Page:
Here's what wearing sunscreen on your face but not your neck does to your skin

Author: Clark Tos
2022-09-12 16:20:02

It is well known, the sun can have a catastrophic effect on the skin. Indeed, it has the potential to damage our cells, which can notably lead to certain cancers. If there are sun creams capable of blocking the worst of harmful radiation very effectively, some still overlook the importance of putting it on. Yet it can have awesome consequences.

Credit: AaronAmat/iStock

And it is not the image that you will see in this article that will make us say the opposite. The latter was published in the Journal of The European Academy of Dermatology and Venereology and shows the face and neck of a 92-year-old who used UV-protective moisturizer on his face but not on his neck. The result is a striking difference in visible UV damage.

Sun exposure can have an aging effect on our skin as ultraviolet (UV) rays are able to penetrate its layers and damage our cells. We call 'chronological aging' the fact of aging because we are old, but we call photoaging the fact of aging because of exposure to the sun. The skin is directly affected by environmental exposure, including UV rays from the sun. This can result in the areas of our body most regularly exposed to the elements (face, neck, arms and hands) appearing older than the areas usually covered, such as the trunk.

In addition to making skin look older, sun exposure can damage DNA in skin cells, which can build up over time and increase the risk of genetic mutations that can lead to cancer. This is why, when it comes to Sun , cancer and aging unfortunately go hand in hand. Doctor Christian Posch, a specialist in skin cancer research, says that “The parallels between aging and cancer risk demonstrate that if we treat the signs of aging, we can, arguably, also reduce the risk of disease. »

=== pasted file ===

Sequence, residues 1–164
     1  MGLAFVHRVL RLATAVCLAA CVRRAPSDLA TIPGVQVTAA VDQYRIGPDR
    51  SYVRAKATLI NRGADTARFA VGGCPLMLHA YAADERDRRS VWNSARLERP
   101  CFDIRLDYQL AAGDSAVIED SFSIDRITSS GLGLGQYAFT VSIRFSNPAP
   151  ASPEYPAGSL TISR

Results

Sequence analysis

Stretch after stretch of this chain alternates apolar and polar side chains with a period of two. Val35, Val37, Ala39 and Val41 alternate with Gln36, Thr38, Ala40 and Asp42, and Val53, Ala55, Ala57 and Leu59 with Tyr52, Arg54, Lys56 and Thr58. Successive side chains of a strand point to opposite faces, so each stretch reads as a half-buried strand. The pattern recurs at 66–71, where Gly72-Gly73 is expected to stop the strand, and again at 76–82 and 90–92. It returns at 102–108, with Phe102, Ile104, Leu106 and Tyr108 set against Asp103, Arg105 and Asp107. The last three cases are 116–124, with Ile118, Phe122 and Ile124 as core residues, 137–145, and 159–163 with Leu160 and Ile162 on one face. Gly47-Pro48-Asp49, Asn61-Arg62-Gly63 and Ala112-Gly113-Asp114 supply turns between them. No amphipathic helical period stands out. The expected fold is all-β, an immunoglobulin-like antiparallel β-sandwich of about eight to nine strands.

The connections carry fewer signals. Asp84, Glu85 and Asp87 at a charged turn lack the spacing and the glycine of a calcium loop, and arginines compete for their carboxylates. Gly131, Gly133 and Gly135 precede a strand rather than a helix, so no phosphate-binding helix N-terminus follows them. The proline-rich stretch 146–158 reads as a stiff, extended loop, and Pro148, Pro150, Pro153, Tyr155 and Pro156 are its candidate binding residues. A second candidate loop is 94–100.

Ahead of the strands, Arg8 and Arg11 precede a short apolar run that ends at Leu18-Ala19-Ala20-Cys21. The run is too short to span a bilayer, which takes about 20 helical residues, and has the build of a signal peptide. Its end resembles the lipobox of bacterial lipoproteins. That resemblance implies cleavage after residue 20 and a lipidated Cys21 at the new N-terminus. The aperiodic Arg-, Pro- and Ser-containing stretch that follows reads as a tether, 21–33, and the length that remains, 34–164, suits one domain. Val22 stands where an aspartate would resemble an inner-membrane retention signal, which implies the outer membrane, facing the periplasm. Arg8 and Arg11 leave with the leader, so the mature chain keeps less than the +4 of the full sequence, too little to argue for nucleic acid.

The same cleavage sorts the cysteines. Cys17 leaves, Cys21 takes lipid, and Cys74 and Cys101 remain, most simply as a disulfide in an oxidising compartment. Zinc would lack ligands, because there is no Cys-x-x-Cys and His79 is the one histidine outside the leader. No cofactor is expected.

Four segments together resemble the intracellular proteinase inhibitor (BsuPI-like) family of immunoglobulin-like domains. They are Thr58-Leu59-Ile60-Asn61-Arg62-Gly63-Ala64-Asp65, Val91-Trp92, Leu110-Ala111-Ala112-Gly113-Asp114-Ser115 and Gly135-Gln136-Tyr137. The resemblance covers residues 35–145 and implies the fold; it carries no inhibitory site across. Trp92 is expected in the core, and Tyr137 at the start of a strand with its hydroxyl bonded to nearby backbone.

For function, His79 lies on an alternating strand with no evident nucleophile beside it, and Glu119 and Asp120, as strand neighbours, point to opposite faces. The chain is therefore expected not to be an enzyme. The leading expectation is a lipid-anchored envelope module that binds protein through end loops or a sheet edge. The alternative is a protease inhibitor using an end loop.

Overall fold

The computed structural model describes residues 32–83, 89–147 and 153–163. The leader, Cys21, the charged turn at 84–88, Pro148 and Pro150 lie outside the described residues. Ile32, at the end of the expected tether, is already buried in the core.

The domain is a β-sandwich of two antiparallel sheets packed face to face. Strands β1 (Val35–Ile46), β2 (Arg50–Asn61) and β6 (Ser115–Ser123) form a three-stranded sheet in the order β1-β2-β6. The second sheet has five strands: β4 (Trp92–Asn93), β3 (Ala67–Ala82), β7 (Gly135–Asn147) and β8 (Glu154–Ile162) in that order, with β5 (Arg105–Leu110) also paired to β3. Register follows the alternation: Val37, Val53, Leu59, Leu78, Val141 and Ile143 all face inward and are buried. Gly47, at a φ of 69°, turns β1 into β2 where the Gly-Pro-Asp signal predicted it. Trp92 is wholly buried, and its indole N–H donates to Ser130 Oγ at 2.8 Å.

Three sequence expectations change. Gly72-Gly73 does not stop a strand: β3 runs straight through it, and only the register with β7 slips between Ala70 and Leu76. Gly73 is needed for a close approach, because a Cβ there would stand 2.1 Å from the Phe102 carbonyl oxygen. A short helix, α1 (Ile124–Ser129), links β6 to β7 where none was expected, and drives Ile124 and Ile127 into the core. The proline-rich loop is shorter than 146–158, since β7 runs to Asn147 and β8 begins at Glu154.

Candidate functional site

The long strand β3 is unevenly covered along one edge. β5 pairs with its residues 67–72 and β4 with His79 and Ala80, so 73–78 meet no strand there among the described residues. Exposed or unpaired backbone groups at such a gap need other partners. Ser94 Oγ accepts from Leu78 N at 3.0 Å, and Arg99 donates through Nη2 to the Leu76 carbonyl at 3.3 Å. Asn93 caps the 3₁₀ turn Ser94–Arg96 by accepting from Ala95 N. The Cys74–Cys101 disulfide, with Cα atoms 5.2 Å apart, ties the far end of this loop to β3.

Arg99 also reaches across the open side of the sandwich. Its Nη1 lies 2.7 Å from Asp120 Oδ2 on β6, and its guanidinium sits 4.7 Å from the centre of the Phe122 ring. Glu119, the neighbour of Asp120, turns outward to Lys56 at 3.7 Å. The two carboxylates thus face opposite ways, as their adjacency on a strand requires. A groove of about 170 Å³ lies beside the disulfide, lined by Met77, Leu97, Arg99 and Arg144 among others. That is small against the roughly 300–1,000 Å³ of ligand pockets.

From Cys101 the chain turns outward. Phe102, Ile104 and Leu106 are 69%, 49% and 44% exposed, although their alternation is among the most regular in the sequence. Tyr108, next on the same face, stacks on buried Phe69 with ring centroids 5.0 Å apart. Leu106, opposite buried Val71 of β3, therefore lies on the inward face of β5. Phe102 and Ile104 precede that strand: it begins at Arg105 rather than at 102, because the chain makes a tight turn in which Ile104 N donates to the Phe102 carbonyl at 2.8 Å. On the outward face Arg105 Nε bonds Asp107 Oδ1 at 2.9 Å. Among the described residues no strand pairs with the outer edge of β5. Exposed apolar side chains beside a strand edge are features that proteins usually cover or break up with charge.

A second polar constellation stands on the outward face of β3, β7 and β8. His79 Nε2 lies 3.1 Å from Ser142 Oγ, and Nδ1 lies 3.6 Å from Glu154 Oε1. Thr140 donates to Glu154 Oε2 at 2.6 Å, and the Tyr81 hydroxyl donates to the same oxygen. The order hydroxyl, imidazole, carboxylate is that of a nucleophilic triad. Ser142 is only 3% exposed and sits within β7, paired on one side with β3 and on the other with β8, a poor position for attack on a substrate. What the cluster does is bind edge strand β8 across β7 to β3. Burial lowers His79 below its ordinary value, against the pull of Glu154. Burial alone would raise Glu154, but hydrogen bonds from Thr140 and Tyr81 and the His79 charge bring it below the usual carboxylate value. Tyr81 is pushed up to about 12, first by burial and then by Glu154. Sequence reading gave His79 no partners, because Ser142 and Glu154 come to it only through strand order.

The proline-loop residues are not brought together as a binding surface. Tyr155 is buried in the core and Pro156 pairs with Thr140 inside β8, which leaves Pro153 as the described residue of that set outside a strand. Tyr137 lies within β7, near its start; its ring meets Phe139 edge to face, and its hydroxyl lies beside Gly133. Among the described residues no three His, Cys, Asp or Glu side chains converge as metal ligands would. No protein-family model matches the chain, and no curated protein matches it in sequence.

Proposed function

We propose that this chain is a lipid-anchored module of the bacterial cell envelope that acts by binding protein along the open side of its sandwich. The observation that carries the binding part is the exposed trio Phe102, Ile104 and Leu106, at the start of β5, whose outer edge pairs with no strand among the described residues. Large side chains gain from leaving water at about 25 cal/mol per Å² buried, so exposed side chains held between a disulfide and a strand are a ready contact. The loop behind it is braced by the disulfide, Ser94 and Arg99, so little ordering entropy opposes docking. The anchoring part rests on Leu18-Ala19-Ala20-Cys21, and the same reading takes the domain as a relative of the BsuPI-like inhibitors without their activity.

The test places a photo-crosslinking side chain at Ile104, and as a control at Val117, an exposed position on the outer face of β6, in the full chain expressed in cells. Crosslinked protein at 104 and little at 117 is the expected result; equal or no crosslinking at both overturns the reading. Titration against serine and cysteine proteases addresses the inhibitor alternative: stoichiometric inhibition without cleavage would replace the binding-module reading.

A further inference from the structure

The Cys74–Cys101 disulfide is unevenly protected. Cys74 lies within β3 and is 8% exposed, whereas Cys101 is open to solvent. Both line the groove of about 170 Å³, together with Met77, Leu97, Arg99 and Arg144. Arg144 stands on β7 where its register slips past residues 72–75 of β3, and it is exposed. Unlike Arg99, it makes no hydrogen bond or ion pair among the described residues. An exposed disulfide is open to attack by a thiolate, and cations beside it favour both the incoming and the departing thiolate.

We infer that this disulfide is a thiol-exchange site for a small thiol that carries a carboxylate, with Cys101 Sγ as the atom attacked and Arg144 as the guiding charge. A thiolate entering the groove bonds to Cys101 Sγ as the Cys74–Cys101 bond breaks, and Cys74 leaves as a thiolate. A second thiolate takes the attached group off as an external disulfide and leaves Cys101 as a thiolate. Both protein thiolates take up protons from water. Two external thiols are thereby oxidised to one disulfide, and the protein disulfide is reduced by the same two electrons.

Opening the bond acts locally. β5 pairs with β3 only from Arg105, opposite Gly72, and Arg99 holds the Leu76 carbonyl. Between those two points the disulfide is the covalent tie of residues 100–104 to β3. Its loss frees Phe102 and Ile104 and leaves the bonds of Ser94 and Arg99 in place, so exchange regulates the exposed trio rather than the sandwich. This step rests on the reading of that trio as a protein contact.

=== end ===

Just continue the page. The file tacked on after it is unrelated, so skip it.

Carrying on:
Credit: C Posch

The effects of the sun on the skin

He adds : “While it is unlikely that we can or even should seek to overcome human aging for various reasons, modifiers of aging may nonetheless modify both life expectancy and lifespan. After all, who wouldn't agree to benefit from 20 to 40 extra years of good health? Such progress will be achieved through a significant reduction in age-related diseases, including the prevention of cancers. Why ? Because there is a significant overlap between the characteristics of cancer and those of aging. Thus, by tackling the biological changes of aging, one will also be tackling the preconditions for carcinogenesis. »

Skin that looks older is often the result of the type of cell damage that increases the risk of developing cancer. Whether through diet, lifestyle or simple sun protection, preventing aging can be likened to a preventive measure against skin cancer. And while this will never completely eliminate the risk of cancer, it is a good argument for extending the application of sunscreen to all exposed areas of the body.

Source : The Journal of the European Academy of Dermatology and Venereology